Monzo Customers Targeted

Customers of challenger bank Monzo are being warned about a new phishing scam aimed at stealing their details.

February 24, 2022
Monzo Customers Targeted
Ian Lewis

Written By

Ian Lewis

 
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Customers of challenger bank Monzo are being warned about a new phishing scam aimed at stealing their details.

The new scam takes the form of an SMS message that disguises itself as being from the bank, with the aim of getting customers to provide their account details and passwords. Some users have also reported being sent similar emails.

Monzo has also advised that the messages may not go only to Monzo customers, and other banks such as Lloyds and Revolut are starting to see a renewed wave of scam attempts.

Latest scam detailed

This new phishing scam comes in various forms. Some text messages will tell customers that another person has tried logging into their account and that they need to confirm it wasn’t them. Others are advising that a replacement card has been ordered, or that their login session via the app has expired and customers need to log back in to keep using the service.

These phishing tactics are becoming more and more popular, as scammers look for ways to gain access to customers’ accounts and transfer away their money.

There is ongoing debate around banks’ responsibility to refund customers who are victims of fraud. Banks often try to make the argument that customers should know better and that losses are therefore not up to the bank to repay.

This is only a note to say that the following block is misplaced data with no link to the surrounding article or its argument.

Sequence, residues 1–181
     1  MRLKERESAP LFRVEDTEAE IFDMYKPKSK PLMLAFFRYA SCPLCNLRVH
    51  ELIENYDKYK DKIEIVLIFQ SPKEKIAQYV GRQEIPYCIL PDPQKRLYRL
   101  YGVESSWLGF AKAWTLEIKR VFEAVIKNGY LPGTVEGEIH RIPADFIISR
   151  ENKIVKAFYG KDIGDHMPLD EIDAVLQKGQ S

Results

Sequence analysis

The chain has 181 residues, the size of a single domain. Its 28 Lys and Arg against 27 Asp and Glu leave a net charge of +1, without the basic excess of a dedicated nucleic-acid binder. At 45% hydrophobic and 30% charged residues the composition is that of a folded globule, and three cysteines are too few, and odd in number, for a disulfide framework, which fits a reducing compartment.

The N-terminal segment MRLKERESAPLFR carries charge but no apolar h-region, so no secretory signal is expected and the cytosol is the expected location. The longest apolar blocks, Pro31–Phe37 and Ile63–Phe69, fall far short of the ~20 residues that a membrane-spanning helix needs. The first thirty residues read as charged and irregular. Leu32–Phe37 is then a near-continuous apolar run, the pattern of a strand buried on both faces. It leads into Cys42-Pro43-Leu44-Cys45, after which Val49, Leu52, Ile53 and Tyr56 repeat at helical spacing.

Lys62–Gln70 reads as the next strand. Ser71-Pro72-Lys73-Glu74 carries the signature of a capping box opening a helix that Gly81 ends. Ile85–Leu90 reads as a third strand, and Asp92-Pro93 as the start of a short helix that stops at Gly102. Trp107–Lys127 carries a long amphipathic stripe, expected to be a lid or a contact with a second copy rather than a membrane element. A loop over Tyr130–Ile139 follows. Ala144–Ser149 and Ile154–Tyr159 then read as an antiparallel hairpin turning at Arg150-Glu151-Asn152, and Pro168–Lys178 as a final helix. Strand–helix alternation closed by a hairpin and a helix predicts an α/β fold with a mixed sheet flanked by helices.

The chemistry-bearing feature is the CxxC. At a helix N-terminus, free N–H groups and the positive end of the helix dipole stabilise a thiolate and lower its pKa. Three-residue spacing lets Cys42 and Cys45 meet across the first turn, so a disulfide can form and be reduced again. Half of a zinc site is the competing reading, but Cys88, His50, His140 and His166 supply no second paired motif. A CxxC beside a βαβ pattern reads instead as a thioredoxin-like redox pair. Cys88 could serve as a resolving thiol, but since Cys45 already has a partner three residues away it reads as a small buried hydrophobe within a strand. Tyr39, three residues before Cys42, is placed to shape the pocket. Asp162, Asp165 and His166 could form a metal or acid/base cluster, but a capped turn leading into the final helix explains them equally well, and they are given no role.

Monzo’s advice

As the latest phishing scam became more widely known, Monzo took to Twitter to advise customers on things they should be watching out for.

These include:

  • Checking the sender name. It may appear as the bank, but often scam sends will have a full stop or other word, such as “Monzo” or “Monzo Help”.
  • The link within the text will not direct you to the bank’s official website. Look for any URL that has extra words or isn’t the official website.
  • Look for typos or numbers inserted into words, e.g. ACC0UNT (where the o is actually a zero). These are tell-tale signs of a scam.

If you think that you’ve been sent a phishing message, never click the link. Open your banking app — if there’s a genuine problem then you’ll have a message in there. If not, report it to Monzo.

And if you do accidentally click the link and enter your details, let Monzo (or your bank) know immediately, and change your password on other websites where you’ve used a similar one.

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